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Poetry. An extended love letter, Todd Colby's sixth collection SPLASH STATE is filled with humor and charm. These poems are as concerned with aging, time, being, and death as they are with eliminating "the need for anxious circumstances" with facts, instructions, and advice. From extolling the uses of "Shark's Paw" and "Fink Leaf" to "how to look like everything is okay in photographs," Colby's poems opt for the personal and generous, even when his tongue is firmly planted in cheek. If melancholy is just around the corner, these poems will walk with you in the opposite direction.
"Todd Colby's poetry radiates the joy of receiving a long-awaited letter. He ends an early poem, 'Sweetie, ' with the line 'Let me let me know let me know soon let me know soon Sweetie.' It now seems that Sweetie has replied. In his new collection, SPLASH STATE, he tells us 'You will no longer need a hushed, barely audible tone / to confess your inadequacies because you will no longer have any / to confess' the ideal state that Auden hoped would 'make us well / without confession of the ill.' With this pleasure comes responsibility, but it's the responsibility to remain in joy.' There won't be a need / for codes or inane principles, because you'll always / be too radiant and purposeful for that.' In SPLASH STATE, a perfect title for the state of calm eagerness he writes out of, Colby discovers that 'There are mornings, and then there are / golden glimpses of something totally / amazing like awe or coffee, ' and then that 'Morning will never be called off / due to budgetary constraints, or even heartbreak. / By afternoon, there will be plush green pillows, / strewn on the lawn waiting for my body. / I can hardly wait.' The rest of us no longer have to wait. This dazzling collection confirms Colby's status as one of the finest and funniest poets of his generation." John Ashbery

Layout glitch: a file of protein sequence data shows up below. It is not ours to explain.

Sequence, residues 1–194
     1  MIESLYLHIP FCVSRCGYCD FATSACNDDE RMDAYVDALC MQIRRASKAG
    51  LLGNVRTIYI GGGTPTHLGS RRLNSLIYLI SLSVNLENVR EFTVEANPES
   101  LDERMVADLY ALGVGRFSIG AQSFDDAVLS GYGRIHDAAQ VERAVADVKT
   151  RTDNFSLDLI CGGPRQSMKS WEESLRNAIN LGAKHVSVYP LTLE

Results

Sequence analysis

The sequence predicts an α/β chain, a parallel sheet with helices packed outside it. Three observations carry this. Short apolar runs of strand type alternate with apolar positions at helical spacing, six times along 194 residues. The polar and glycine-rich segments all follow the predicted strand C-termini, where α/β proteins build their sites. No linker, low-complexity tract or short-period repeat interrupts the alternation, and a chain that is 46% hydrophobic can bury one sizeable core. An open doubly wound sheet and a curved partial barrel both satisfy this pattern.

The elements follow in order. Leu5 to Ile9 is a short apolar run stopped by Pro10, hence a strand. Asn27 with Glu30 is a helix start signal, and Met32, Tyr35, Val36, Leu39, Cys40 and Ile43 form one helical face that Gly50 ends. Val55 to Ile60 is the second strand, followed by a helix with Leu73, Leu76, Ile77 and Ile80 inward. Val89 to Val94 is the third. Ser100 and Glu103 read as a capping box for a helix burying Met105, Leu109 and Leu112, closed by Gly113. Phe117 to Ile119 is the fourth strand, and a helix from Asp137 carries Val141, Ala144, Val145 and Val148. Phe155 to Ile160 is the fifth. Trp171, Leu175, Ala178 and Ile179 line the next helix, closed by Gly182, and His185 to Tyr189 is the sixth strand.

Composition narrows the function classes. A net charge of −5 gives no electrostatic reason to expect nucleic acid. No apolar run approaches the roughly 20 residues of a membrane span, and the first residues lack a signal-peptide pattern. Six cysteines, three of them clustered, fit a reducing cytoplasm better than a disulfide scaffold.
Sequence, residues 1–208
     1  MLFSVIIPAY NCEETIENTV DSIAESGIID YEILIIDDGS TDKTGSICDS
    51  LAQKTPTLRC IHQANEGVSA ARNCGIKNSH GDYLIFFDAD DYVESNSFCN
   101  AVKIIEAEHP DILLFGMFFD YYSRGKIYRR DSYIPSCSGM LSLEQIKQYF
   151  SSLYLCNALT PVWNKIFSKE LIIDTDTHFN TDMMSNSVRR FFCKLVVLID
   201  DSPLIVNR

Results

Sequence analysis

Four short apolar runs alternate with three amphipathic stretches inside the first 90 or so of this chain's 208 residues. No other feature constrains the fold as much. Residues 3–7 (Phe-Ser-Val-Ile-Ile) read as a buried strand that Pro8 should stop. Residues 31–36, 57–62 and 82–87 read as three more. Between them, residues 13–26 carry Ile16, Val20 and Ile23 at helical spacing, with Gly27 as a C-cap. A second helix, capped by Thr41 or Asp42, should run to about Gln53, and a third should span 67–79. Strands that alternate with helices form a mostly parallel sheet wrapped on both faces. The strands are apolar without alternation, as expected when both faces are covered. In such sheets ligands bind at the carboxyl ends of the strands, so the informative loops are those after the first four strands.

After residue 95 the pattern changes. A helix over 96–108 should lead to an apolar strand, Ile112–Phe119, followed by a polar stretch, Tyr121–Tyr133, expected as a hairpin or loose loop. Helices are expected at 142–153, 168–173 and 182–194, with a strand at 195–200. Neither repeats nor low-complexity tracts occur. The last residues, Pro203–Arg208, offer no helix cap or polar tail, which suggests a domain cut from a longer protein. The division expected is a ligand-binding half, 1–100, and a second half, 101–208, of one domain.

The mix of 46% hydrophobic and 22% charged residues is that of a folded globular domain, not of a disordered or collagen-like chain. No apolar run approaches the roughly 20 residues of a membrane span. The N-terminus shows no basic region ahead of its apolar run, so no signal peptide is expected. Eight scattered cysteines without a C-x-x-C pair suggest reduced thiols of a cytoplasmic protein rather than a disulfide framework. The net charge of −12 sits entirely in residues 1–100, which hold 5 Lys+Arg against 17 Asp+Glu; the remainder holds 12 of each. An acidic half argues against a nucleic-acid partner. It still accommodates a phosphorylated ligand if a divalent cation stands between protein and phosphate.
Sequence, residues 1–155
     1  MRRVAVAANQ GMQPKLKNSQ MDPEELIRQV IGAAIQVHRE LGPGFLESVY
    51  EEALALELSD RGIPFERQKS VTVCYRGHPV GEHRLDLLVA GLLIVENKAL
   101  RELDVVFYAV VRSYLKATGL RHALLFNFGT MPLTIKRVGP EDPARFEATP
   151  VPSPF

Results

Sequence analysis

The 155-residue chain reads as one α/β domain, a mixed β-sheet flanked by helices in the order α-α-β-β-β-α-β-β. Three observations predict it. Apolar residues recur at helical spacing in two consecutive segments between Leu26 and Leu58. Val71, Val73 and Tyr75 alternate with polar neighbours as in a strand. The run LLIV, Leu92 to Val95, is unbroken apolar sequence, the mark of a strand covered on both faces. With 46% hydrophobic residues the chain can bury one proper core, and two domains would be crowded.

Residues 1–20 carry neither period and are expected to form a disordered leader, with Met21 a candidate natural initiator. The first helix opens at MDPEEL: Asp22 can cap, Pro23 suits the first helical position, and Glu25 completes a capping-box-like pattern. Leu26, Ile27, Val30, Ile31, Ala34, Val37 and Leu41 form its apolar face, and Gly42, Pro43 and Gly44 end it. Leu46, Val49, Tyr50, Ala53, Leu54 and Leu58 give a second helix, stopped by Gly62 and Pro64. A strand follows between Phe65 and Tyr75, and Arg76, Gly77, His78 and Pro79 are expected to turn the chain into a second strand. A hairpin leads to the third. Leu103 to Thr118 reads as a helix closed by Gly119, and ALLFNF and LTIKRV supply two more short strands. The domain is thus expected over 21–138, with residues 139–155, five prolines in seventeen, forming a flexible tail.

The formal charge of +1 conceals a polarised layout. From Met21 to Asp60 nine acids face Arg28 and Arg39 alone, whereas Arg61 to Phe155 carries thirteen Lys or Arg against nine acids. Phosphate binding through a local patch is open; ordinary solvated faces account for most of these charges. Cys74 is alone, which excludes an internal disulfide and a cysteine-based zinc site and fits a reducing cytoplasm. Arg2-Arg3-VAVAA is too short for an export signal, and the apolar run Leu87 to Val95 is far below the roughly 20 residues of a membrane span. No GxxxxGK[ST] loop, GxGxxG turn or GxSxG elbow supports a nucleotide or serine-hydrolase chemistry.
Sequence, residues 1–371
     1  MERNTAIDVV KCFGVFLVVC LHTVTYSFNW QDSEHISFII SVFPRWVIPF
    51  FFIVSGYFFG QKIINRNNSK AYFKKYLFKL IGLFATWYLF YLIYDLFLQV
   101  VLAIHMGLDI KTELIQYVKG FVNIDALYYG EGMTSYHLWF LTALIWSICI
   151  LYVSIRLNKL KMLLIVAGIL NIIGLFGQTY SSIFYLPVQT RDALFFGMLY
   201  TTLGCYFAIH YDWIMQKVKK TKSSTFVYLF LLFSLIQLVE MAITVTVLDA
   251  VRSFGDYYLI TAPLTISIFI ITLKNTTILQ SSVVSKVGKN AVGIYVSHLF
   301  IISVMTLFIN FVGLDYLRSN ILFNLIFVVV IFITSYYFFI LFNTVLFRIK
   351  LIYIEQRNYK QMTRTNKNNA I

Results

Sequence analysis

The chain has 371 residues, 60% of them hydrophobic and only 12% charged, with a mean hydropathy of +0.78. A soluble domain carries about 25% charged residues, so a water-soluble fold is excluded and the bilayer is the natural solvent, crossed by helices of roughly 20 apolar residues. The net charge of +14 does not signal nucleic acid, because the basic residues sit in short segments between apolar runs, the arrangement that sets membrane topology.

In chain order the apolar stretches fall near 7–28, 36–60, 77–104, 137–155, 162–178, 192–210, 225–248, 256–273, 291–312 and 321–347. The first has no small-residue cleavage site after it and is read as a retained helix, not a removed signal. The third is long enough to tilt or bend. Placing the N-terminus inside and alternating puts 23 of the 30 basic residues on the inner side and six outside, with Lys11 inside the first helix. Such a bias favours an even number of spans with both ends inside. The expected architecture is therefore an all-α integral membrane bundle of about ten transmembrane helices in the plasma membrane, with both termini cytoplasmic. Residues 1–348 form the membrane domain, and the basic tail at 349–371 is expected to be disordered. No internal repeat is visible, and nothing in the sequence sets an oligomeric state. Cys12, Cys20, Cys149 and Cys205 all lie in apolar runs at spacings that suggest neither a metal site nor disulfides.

"I read Todd Colby's SPLASH STATE and I'm here to say that it makes the world better. I mean this because this is a monumental book and in this book, in this stack of love poems, we see that the Romantic has a place again in the everyday, like the 'courtyard' that 'sparkles puppy yellow' with sunlight, the 'Simple Times' when 'bones softened the cars, ' and an I that 'blooms out over Brooklyn' are all part of what we do this whole thing for: life. If you like Frank O'Hara, Eileen Myles, John Ashbery, William Blake, and Wallace Stevens, then you are going to like this book. Or I mean to say, that this book is a spell, a love spell. And if you want a book to carry with you when no one seems to care, when no one seems to be your friend, well then, you've found it, it's this book, this book is your love spell, this book is your friend." Dorothea Lasky.